The steady-state treatment of forestry in CGE models
AbstractThis paper provides a critical examination of the implicit assumption in steady-state forestry modelling, particularly those employed in CGE models. That is, forests are characterised by steady-state conditions. Therefore, a conceptual model is developed to examine if there is a tendency for forest areas to reach some sort of steady-state. The results from the model simulations show that steady-state does not characterise forest areas. Steady-state is reached after a long period of time, say, 200 years or when a sustainable harvesting regime and regeneration activities are constantly applied and formulated to maintain a set timber volume target.
Download InfoIf you experience problems downloading a file, check if you have the proper application to view it first. In case of further problems read the IDEAS help page. Note that these files are not on the IDEAS site. Please be patient as the files may be large.
As the access to this document is restricted, you may want to look for a different version under "Related research" (further below) or search for a different version of it.
Bibliographic InfoArticle provided by Inderscience Enterprises Ltd in its journal Int. J. of Agricultural Resources, Governance and Ecology.
Volume (Year): 5 (2006)
Issue (Month): 1 ()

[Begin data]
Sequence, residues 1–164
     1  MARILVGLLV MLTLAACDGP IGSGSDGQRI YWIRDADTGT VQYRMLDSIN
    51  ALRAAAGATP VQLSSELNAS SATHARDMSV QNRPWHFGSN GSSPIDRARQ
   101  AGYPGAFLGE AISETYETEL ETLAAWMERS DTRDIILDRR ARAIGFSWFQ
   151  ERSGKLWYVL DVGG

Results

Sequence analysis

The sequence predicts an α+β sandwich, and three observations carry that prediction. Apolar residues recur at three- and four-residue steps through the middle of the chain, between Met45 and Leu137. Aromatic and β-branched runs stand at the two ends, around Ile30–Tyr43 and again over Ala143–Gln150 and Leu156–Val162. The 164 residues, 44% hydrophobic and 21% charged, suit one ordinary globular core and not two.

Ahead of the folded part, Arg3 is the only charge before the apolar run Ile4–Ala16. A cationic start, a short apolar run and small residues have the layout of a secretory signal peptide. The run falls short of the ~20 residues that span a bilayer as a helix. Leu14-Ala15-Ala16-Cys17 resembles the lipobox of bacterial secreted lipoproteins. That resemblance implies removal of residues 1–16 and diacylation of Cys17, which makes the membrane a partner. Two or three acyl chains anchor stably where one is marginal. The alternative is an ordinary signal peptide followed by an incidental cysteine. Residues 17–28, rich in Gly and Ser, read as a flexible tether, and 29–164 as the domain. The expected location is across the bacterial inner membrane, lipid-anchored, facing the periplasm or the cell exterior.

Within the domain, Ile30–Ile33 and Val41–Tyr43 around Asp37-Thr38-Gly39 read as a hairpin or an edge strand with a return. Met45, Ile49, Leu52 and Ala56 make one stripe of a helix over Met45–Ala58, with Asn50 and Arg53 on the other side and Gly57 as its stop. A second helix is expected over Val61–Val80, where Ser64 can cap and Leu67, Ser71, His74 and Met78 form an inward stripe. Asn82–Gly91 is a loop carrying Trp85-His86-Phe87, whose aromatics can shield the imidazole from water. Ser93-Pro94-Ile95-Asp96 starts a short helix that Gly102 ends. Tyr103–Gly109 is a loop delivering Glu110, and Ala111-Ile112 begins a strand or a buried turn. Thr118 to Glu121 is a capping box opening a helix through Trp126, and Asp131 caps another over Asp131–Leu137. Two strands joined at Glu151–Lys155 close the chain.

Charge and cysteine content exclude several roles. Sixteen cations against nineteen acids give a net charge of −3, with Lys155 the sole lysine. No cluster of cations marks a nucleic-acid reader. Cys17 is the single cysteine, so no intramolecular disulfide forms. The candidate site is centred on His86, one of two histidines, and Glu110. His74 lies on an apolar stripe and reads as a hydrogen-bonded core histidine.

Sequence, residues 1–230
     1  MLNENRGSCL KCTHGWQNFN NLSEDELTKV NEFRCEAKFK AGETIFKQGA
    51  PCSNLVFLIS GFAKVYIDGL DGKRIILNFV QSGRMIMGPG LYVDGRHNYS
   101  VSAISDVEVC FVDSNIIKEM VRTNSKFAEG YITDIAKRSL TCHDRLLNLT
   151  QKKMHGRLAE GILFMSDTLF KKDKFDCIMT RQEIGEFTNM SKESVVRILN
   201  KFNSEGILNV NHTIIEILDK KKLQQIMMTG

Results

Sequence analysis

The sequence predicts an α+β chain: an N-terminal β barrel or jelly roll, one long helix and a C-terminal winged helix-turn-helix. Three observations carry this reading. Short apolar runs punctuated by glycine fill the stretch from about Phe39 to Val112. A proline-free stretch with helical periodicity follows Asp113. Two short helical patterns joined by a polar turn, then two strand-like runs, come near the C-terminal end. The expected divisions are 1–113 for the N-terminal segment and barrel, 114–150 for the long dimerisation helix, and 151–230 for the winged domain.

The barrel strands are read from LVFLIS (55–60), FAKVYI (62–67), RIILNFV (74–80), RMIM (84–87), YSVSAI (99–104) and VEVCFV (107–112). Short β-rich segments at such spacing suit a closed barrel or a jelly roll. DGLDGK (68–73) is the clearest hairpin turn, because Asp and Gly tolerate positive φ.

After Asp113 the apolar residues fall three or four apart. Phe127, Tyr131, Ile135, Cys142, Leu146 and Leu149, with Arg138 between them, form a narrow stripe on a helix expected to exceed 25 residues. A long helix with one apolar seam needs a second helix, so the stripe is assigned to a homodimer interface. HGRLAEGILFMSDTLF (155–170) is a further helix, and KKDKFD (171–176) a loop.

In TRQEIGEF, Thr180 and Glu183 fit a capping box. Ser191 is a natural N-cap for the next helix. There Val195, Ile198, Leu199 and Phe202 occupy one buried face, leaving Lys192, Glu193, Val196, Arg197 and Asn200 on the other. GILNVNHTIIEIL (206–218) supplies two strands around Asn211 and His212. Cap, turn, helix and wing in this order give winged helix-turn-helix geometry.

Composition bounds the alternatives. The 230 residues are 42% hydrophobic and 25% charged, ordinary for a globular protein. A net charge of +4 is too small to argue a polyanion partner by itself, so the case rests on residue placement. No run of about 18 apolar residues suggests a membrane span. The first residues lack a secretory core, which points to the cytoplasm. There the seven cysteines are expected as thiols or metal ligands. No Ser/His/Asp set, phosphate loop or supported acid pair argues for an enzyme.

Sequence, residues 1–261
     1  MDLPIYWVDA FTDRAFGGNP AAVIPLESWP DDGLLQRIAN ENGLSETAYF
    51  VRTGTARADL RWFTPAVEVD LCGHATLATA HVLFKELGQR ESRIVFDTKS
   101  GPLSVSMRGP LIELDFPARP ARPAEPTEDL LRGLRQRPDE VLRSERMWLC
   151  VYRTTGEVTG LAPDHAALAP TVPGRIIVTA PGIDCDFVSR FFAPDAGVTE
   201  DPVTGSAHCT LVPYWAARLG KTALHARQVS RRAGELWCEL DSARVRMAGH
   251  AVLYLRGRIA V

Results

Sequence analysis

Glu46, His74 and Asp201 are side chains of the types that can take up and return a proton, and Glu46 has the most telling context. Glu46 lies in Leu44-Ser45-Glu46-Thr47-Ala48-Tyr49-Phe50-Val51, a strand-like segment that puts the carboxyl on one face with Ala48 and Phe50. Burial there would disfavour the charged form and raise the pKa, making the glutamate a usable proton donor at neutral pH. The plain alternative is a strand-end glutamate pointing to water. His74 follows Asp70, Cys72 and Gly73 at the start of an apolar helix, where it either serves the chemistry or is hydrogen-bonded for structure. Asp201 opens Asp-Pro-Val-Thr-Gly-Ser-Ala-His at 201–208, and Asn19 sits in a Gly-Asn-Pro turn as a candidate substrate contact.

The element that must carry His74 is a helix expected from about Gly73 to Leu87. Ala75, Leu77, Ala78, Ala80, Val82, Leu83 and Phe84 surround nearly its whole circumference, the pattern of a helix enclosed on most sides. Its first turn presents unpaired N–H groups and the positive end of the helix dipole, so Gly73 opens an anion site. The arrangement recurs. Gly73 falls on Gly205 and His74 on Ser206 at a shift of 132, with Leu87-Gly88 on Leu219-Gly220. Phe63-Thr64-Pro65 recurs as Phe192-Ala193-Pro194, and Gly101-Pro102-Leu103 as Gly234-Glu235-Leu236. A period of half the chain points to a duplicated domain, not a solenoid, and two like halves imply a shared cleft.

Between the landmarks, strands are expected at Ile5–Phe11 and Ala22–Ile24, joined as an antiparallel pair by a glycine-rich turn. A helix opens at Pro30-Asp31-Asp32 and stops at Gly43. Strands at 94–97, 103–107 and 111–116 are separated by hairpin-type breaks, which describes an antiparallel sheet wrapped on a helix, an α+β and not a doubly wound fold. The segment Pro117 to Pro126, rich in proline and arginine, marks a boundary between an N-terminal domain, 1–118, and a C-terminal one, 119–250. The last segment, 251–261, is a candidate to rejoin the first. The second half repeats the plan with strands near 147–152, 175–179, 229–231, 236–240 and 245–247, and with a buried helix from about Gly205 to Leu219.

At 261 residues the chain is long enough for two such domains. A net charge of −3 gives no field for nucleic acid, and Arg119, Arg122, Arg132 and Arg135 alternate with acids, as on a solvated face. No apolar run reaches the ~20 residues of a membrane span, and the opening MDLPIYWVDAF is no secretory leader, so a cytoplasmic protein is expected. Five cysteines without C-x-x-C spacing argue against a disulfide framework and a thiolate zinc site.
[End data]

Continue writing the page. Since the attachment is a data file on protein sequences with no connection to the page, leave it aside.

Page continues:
Contact details of provider:
Web page: http://www.inderscience.com/browse/index.php?journalID=1
CGE modelling; computable general equilibrium models; selective logging; steady-state; sustainable forestry; simulation; sustainable harvesting; regeneration.;
You can help add them by filling out this form.
CitEc Project, subscribe to its RSS feed for this item.
- Stenberg, Luz Centeno & Siriwardana, Mahinda, 2007. "Forest conservation in the Philippines: An economic assessment of selected policy responses using a computable general equilibrium model," Forest Policy and Economics, Elsevier, vol. 9(6), pages 671-693, February.
For technical questions regarding this item, or to correct its authors, title, abstract, bibliographic or download information, contact: (Graham Langley) or (Christopher F. Baum).
If you have authored this item and are not yet registered with RePEc, we encourage you to do it here. This allows to link your profile to this item. It also allows you to accept potential citations to this item that we are uncertain about.
If references are entirely missing, you can add them using this form.
If the full references list an item that is present in RePEc, but the system did not link to it, you can help with this form.
If you know of missing items citing this one, you can help us creating those links by adding the relevant references in the same way as above, for each refering item. If you are a registered author of this item, you may also want to check the "citations" tab in your profile, as there may be some citations waiting for confirmation.
Please note that corrections may take a couple of weeks to filter through the various RePEc services.